Wife's farmhouse gift delights villagers
Elaine MaslinWhen it comes to presents, a dress and a couple of new pairs of shoes are about the best most wives can expect from their husbands - if that.Elaine Maslin
By ELAINE MASLIN
When it comes to presents, a dress and a couple of new pairs of shoes are about the best most wives can expect from their husbands - if that.
After nearly 35 years of marriage a bunch of flowers or a box of chocolates is welcome.
However, yesterday Julie Dacre was bought much more than that by her entrepreneur millionaire husband Graham Dacre - he signed on the dotted line for a 270-acre farm at Lenwade, north west of Norwich, for his wife.
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The icing on the cake is that Clay Hall Farm was Mrs Dacre's parents' farm, where she worked, alongside her three brothers, Alan, Trevor and Bud, and mum and dad, Sedley and Mildred Pimlott, rearing pigs and then cattle, until she married Graham in 1975.
And it is not just Julie, who breeds sheep at the couple's Attlebridge home, who will benefit from the purchase.
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Residents of Lenwade and Great Witchingham have been fighting a bitter battle for the past two years to stop a rendering plant on the site.
Clay Hall Farm has been the subject of at least three planning appeals and an enforcement notice since now former owners Banham Compost built a rendering plant there without planning permission.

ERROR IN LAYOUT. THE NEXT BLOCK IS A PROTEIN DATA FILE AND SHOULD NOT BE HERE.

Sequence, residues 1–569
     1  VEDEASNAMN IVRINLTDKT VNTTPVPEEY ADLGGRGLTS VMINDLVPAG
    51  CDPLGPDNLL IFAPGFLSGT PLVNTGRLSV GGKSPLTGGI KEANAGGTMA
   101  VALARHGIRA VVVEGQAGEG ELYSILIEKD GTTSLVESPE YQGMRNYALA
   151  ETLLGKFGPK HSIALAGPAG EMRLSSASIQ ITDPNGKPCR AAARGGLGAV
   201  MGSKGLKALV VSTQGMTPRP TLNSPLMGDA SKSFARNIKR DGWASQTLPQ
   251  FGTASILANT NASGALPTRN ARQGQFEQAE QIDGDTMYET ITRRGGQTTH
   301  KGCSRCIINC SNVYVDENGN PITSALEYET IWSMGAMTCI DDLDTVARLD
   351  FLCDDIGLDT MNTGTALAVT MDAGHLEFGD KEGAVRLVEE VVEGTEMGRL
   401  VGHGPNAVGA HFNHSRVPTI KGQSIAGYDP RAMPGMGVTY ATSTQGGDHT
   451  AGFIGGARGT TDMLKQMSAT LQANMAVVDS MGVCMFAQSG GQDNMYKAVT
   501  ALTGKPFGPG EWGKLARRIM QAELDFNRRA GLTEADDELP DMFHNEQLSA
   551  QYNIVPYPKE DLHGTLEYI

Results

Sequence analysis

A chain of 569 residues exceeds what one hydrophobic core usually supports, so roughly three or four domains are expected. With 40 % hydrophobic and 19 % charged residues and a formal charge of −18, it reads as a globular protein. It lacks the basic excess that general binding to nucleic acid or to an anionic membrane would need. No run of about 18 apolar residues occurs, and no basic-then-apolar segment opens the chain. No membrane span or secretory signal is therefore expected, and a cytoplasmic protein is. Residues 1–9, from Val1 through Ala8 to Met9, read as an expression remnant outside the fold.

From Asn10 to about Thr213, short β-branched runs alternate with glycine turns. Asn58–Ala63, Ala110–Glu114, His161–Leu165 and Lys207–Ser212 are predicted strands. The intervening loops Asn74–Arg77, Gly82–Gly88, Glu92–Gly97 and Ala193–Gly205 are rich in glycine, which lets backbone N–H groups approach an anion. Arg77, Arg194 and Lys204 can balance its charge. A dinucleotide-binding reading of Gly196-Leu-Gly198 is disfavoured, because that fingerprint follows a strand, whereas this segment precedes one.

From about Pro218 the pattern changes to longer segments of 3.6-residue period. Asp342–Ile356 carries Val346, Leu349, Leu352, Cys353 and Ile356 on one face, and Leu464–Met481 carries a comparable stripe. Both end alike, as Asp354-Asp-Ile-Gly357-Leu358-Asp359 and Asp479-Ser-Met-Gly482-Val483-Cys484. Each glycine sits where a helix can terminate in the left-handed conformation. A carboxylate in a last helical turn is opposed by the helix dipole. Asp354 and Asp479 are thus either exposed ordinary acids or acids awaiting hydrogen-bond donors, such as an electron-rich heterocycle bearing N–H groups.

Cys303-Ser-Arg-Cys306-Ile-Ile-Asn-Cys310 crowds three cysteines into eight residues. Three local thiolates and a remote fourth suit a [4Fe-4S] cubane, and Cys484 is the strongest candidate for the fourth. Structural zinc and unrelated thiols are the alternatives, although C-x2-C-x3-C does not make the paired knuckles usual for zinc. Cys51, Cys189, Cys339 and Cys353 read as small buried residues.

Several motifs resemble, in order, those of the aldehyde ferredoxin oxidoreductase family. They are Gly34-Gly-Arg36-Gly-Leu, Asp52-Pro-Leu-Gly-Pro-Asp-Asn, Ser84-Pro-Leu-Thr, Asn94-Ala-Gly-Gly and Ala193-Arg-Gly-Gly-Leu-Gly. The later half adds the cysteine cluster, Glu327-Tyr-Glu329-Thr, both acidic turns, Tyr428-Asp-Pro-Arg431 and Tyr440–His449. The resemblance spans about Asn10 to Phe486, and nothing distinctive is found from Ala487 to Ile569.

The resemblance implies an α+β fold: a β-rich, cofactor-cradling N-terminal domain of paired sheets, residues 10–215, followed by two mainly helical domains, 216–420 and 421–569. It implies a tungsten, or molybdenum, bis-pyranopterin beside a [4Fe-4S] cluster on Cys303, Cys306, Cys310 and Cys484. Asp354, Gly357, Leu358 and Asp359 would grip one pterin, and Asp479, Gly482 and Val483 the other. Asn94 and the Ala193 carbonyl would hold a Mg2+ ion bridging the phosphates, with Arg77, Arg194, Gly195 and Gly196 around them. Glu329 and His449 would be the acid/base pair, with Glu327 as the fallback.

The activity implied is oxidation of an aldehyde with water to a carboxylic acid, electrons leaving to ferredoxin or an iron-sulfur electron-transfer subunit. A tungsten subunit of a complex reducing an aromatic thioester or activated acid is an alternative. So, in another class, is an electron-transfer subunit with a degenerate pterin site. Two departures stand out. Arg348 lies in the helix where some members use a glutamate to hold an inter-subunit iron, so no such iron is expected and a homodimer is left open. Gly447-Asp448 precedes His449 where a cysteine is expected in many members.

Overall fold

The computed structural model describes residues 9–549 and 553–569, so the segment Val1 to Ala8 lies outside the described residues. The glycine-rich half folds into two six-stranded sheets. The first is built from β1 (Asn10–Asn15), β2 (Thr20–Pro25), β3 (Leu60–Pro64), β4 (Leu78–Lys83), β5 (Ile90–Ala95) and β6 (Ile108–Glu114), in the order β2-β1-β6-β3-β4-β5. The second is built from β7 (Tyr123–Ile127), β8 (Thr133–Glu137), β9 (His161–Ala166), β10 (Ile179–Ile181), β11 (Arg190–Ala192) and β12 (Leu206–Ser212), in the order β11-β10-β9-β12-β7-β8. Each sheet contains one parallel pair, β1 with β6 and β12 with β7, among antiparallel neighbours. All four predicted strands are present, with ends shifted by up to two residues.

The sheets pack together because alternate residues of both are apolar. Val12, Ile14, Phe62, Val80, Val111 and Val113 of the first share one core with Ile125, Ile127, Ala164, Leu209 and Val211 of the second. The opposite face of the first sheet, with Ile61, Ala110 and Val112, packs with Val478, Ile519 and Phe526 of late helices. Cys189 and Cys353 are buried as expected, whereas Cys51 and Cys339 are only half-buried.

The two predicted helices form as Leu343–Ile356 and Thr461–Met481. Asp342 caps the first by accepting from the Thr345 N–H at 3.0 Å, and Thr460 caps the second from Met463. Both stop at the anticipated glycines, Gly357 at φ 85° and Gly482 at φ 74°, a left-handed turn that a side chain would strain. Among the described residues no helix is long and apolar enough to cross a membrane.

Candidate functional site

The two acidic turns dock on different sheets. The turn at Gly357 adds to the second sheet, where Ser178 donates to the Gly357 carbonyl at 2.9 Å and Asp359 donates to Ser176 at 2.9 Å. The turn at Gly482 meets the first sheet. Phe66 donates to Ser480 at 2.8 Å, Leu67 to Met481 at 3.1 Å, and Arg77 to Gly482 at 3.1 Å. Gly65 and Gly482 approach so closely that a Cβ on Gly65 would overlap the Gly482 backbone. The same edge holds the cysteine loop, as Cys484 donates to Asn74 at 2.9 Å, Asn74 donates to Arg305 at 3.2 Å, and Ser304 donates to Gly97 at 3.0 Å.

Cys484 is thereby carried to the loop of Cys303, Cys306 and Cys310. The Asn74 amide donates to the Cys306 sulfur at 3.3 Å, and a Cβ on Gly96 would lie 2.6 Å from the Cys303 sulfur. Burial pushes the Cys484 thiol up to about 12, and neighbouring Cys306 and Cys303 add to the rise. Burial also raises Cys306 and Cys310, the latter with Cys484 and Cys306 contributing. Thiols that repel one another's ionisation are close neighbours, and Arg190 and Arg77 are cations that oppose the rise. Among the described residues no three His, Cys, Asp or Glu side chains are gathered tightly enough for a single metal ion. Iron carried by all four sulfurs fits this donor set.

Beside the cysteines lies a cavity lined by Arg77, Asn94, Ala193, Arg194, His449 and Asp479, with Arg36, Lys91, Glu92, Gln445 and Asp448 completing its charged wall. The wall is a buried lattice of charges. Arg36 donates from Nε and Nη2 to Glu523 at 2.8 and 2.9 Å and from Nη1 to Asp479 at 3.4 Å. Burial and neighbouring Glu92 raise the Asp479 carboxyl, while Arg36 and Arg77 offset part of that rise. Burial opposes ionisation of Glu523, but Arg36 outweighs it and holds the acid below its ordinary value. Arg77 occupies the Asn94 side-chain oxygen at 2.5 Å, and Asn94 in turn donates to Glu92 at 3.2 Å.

They had bought the farm off the Pimlotts in 2005.
Mr Dacre last night said his purchase will put an end to the sorry saga and that Julie, who manned the farm office and drove tractors and combine harvesters there as a teenager, was 'tickled pink' to have the farm back in her family.
Her father died in 2006, aged 86, but her mother lives at Frettenham.
She said: 'I'm really pleased we have been able to buy the farm back again. My dad would be really happy and I'm really looking forward to having a good look around; it seems ages since we were able to do so.'
Mr Dacre has promised the plant will never be used again for rendering. A more suitable use will be sought for the building, the farmhouse will be restored, meadowland improved and the surrounding land let for agricultural use to someone who will improve it.
Mr Dacre said: 'Over the years my wife and I spent many a day at Clay Hall and it holds many happy memories for our family.'
It was where Julie worked while courting Graham. Their children went on to join them on family visits to the farm.
Banham said last night that the internal equipment and the chimney have been sold to renderers JG Pears, who have plants at Newark and Sheffield, and will be removed.
A spokesman for the firm said: 'I hope our nightmare will become Graham and Julie's dream.'
He said rendering there had become no longer strategically necessary for the firm because people now paid to take away offal for rendering, whereas before it would have cost, so it made sense to do it in-house.
Before Mr Dacre showed an interest in the site, he said the firm had been considering a change of use of the site.
However, up until the last, Banham had been continuing with its planning appeals against refusal of planning permission for the site and had appealed an enforcement notice lodged against them to have the building knocked down.
John Martin, a leading campaigner against the plant, said: 'We greatly welcome the stewardship of Clay Hall Farm by Mr and Mrs Dacre and look forward to a non-rendering future there.'
He added that the enormous disruption to local residents' lives for so long had been unacceptable and it could have been avoided if enforcement action had been sought earlier.